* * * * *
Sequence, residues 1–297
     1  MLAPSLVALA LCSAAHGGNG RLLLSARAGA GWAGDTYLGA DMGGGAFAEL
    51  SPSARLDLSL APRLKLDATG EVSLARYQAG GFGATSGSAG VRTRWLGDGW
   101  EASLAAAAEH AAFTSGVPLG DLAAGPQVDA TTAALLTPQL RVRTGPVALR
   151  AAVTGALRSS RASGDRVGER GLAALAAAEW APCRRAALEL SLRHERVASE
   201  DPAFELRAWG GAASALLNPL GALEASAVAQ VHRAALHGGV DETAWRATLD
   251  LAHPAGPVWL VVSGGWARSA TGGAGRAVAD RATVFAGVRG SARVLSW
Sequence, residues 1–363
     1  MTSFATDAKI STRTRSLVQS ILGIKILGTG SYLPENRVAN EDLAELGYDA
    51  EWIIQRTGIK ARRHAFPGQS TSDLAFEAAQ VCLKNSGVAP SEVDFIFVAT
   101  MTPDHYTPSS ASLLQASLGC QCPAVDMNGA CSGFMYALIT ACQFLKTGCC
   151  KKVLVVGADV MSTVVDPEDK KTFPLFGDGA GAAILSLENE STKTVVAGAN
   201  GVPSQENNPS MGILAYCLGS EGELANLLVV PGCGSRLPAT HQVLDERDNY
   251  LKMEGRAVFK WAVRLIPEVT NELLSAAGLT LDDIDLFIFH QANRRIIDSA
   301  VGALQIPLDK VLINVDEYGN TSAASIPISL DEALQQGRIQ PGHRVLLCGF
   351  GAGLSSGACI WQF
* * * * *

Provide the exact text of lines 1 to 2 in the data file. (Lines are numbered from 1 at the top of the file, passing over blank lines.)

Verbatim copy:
Sequence, residues 1–297
     1  MLAPSLVALA LCSAAHGGNG RLLLSARAGA GWAGDTYLGA DMGGGAFAEL